Dozens Of Convictions As Thousands Of Rape Kit Tests Finally Processed
CONTENT WARNING: This article details sexual assault.
Thousands of sexual assault victims in the U.S. have had their cases reopened and sent for DNA testing, leading to 186 arrests and 64 convictions to date.
The results were announced by Manhattan district attorney Cyrus R. Vance on Tuesday, after he committed US$38 million in forfeiture money to clear a years-long backlog of untested rape kits across the country.
He said the program is a start in correcting an "absolute travesty of justice".
“That backlog not only undermined justice and the perception, and reality, of equality -- it also made every woman and every American less safe,” he said.
Victims of sexual assault can choose to undergo a medical examination -- called sexual assault investigation kits (SAIK) or, commonly, rape kits -- for DNA evidence left behind by their attacker.
When tested, the kits can be a powerful tool to affirm a survivor's account or identify their attacker.
Authorities in the U.S. have faced growing calls to eliminate a backlog of samples that were never tested for DNA -- a sign, victims advocates claim, that assaults weren't being taken seriously.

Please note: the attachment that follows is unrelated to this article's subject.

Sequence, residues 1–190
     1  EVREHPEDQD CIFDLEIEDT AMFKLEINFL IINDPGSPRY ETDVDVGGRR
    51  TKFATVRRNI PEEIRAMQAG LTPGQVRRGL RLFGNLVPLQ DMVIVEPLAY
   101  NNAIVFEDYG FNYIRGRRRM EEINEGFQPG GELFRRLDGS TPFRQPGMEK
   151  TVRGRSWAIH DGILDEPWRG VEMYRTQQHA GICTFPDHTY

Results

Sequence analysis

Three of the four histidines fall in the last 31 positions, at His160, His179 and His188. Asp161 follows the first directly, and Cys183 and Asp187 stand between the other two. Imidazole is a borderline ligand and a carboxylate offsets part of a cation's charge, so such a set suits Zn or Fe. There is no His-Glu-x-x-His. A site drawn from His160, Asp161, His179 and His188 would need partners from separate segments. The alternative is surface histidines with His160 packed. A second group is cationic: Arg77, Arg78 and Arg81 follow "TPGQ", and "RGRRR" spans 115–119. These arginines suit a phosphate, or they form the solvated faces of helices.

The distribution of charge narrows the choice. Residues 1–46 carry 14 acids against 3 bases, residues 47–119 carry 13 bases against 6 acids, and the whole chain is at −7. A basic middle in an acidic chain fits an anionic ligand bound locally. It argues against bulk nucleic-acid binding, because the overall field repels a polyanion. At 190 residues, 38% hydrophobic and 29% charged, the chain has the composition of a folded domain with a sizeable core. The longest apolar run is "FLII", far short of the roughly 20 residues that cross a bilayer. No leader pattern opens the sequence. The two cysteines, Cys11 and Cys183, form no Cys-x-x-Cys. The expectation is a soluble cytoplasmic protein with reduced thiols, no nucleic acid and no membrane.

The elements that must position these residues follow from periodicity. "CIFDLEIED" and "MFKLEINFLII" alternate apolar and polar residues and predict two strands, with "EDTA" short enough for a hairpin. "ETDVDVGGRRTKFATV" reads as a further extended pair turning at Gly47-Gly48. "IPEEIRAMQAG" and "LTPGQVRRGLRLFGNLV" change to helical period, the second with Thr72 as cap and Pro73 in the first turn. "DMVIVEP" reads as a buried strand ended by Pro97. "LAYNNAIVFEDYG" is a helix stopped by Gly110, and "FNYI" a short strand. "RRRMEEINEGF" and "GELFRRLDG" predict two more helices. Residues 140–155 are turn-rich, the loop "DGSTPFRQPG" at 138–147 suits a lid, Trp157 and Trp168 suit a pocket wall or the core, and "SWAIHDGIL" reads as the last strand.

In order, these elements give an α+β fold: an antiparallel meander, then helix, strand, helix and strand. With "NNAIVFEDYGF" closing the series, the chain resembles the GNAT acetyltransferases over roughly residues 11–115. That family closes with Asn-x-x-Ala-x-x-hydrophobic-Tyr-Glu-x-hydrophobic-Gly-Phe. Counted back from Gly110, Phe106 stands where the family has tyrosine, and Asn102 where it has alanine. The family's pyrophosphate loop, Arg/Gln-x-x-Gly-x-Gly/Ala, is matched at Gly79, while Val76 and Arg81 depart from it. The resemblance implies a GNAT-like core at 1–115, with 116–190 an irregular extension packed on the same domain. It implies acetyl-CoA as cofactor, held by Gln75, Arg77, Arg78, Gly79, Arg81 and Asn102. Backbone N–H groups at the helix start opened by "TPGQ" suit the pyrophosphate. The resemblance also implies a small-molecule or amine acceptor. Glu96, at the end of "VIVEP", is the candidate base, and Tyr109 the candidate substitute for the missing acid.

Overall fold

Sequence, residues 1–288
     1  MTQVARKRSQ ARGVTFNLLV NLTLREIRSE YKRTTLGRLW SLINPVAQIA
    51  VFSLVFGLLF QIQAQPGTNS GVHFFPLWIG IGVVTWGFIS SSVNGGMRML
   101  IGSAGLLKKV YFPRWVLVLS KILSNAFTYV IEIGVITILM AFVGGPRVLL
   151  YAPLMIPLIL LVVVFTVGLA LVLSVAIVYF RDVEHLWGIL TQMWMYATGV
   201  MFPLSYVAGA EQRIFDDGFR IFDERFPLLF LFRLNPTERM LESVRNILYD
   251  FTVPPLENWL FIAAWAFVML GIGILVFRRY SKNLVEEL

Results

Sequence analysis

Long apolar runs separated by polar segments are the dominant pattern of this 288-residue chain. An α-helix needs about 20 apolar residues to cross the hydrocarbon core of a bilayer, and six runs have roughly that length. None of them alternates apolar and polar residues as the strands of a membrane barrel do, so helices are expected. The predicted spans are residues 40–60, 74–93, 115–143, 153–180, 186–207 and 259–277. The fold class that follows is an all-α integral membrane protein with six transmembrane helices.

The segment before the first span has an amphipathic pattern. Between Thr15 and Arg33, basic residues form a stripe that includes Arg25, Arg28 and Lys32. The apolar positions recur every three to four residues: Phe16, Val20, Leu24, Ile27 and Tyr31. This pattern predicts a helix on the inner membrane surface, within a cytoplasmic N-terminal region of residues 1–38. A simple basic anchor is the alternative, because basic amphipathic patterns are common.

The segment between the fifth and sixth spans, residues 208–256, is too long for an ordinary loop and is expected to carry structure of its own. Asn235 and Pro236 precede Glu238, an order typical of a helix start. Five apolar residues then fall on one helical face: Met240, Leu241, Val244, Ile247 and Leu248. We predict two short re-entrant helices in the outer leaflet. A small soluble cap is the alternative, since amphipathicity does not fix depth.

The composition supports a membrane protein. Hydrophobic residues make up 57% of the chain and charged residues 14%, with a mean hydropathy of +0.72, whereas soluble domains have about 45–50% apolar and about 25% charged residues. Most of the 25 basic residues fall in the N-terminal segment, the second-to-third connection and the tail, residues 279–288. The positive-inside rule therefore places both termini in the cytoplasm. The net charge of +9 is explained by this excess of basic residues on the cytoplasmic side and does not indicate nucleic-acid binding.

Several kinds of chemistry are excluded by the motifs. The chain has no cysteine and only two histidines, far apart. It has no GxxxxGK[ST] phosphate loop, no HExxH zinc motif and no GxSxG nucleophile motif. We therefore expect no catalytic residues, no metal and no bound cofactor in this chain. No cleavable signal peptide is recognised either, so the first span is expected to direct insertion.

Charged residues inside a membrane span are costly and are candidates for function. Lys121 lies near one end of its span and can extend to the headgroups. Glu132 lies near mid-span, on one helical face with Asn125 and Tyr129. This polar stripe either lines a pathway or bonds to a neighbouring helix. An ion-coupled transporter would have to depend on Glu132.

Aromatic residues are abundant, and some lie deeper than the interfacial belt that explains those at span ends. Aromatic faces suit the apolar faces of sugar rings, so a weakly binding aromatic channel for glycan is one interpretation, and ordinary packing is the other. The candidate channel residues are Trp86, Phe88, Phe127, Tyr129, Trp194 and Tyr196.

While the accumulation is in part due to the costs of tests, often more than US$1000, advocates say many cases have been sidelined by police and prosecutors who downplay victims' allegations.
Vance, a Democrat elected in 2009, took office after New York City cleared its own 17,000-case backlog between 2000 and 2013.
Since 2015, he has worked with the Department of Justice's Bureau of Justice Assistance to help other jurisdictions do the same.
Vance's program has paid to dispatch more than 55,000 rape kits to testing labs across 20 states.
The results have so far led to 165 prosecutions in otherwise forgotten cases.
Of those, 64 have resulted in convictions.
Another almost 45,000 rape kits have been sent to labs through the Justice Department program, which has produced nearly 899 prosecutions and 498 convictions and plea bargains, according to data the agency provided to The Associated Press.
But this is only a start. It's estimated another 155,000 or more sex assault evidence kits still await testing.
If you would like to speak to someone confidentially about sexual assault, call 1800 RESPECT on 1800 737 732. If you are in distress, call Lifeline on 13 11 14.
Featured image: Getty